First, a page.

I’ve been very busy lately —which is a good thing —and so I haven’t kept up with my blogging as much as I’d like. I did, however, find time to update the site a little bit. I changed the banner to give a cleaner look, and tweaked one or two other elements. I hope you like it, although many people get my blog posts by RSS or email and therefore don’t visit the main site.
Even when I’m not posting to this site I am very frequently posting things to Twitter. This site now has a panel (top left) that includes the last three tweets. But if you are interested in keeping up with my Twitter stream more regularly just go here. It’s easier for me to blast out tweets than to blog, so if I have a short link or some interesting tidbit to share I usually do it on Twitter.
This year my resolution is to do more to help people become paperless. I have the PDF for Lawyers website which covers PDF issues —and PDFs are certainly a key component of “going paperless.” Another component is figuring out how to process information digitally in an efficient way; for that there is the PaperlessChase.com website, which I maintain with my friend Dane Ciolino.
For folks who live in New Orleans, Dane and I will be speaking (though not together) at the LSBA Solo & Small Firm Conference that takes place at the Hilton on Feb 24th and 25th. I’ll be speaking on the basics of going paperless, and Dane will be talking about the practical and ethical issues involved with cloud computing. The conference will offer a wealth of practical information for solo and small firm lawyers.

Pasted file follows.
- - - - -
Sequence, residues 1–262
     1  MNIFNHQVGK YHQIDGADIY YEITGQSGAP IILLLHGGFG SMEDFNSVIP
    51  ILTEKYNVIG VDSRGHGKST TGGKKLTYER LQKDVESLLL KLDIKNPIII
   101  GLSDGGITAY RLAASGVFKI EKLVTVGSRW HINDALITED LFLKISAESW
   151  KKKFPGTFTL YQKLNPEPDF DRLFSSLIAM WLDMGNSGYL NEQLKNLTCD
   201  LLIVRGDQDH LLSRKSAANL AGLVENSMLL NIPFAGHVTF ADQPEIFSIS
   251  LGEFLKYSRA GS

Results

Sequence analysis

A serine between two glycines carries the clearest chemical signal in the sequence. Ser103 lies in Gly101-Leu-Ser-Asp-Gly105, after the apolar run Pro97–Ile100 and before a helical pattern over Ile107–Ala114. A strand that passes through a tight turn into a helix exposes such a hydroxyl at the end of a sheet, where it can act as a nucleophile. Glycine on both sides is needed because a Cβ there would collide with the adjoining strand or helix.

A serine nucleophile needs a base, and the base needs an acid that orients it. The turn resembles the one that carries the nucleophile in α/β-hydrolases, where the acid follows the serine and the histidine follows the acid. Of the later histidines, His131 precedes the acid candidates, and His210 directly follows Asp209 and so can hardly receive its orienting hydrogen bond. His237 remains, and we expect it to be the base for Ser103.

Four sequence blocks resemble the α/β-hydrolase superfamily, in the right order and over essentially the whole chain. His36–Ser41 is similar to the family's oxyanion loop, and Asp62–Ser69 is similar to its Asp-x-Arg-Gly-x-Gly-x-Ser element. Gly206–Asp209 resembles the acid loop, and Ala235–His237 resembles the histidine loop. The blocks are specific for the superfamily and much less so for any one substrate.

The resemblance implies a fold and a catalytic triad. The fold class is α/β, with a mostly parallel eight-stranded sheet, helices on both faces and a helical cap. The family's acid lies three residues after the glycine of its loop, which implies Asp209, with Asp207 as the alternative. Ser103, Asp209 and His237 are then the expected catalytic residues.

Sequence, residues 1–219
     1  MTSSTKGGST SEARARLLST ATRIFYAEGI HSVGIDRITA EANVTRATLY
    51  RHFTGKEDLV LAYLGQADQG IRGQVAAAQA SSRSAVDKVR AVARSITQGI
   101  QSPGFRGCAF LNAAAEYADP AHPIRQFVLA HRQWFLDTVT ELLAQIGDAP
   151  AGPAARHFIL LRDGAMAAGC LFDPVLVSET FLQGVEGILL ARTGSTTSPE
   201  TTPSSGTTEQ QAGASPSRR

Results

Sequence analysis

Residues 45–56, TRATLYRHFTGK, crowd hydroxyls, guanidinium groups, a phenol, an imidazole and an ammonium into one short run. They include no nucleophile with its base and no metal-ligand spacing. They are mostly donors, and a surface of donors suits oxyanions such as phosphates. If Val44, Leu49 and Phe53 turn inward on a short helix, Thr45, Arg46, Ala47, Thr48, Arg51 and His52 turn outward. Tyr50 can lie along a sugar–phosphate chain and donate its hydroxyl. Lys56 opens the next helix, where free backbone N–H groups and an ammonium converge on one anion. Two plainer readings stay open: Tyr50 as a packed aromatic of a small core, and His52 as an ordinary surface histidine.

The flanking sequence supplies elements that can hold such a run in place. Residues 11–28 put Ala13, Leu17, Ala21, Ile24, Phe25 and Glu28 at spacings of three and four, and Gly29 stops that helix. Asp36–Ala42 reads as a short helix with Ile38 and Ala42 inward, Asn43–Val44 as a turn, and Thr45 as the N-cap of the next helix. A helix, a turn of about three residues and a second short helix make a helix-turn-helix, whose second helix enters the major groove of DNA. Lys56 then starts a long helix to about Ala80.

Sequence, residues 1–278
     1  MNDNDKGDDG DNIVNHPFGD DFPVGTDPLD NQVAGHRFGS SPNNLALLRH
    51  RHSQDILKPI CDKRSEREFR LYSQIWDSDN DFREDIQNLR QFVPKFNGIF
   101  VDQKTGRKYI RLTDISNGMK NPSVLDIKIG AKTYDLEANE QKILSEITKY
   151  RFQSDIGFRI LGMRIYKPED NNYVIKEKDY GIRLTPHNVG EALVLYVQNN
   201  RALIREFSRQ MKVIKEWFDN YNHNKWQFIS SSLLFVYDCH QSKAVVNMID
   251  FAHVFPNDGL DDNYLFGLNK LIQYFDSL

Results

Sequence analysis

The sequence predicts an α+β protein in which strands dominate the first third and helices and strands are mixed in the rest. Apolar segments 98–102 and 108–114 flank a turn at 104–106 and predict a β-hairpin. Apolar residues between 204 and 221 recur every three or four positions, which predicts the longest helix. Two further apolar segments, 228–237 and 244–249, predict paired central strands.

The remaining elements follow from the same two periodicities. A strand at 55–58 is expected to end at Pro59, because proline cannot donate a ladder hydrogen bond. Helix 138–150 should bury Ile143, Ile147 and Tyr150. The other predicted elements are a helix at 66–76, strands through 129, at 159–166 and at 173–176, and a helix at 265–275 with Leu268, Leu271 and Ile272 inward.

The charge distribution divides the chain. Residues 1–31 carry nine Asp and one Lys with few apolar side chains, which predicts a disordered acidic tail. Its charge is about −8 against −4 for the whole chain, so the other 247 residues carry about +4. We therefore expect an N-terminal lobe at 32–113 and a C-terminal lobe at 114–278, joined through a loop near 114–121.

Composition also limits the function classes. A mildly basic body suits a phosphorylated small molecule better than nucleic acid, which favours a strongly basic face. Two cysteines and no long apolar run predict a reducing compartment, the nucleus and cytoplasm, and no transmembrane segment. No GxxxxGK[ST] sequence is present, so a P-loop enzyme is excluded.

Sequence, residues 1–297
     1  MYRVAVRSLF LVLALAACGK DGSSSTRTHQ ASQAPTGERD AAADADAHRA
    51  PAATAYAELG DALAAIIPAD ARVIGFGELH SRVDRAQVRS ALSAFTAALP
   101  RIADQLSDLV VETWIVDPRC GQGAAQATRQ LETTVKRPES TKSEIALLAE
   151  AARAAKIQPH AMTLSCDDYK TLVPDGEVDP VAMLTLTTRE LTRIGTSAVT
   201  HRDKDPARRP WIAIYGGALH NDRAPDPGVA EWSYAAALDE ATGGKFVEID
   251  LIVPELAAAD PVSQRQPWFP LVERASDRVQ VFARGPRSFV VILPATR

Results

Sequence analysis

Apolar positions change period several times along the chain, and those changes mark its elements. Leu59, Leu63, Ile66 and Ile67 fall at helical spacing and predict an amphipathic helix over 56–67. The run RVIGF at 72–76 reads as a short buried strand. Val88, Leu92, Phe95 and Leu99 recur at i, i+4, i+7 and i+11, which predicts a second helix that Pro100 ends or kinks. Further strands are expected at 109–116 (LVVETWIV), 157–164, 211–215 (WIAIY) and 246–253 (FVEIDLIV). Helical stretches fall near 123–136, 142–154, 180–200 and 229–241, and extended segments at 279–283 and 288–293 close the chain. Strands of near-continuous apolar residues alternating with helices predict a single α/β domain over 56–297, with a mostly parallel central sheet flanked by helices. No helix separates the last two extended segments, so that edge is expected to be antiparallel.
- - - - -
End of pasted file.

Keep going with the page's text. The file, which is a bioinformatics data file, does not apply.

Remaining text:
For lawyers who live outside New Orleans, I suggest you attend the ABA TechShow in Chicago. I will be speaking there in mid-April (11th — 13th) on two topics in the “Paperless” track: (1) Define Paperless (with Andy Adkins), and (2) Getting the Most Out of PDF Software (with Larry Smith). If you’ve never been to TechShow then you have no idea how amazing this event is! Everyone who has ever attended has raved—yes, raved—about the wealth of information they gathered, and the social connections they made. If you want to learn to use technology better in your law practice this is the place to go.
Last announcement: I would like to find an easy (for me), but extremely helpful (for you) way to show you how to set up things to make your tech life easier. I believe that the best way is for me to do a “Go To Meeting” and invite 5 or 10 people to watch me as I demonstrate things live on my computer. I’m thinking that, to defray the costs of the Go To Meeting, I should charge something like $10 for a 30 minute session. Actually, it’s also about raising money to do some professional videos, so the revenue goes back into education. Getting CLE certification would be nice, but beyond my scope right now.
The goal is to see if I can quickly convey some practical things, and learn from the process. My first idea is to do a 30 minute session on how I use Acrobat to do things like set up pleadings to e-file, organize PDFs that I get from federal court or opposing counsel, and also maybe how to set up a digital signature. If you’re interested in signing up for something like this shoot me an email at: esvenson [that at symbol] gmail.com
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I don’t follow directions well, so I will say I am interested here rather than via email. :-). Sounds like a great idea.
I’m interested… also, have you looked at Linux at all? It handles PDFs natively, something that Windows doesn’t do. I think you can even edit them, but I might be wrong. I use OpenOffice, which is not quite as nice as MS Office, but if you’re sending PDFs back and forth, it doesn’t really matter much, does it?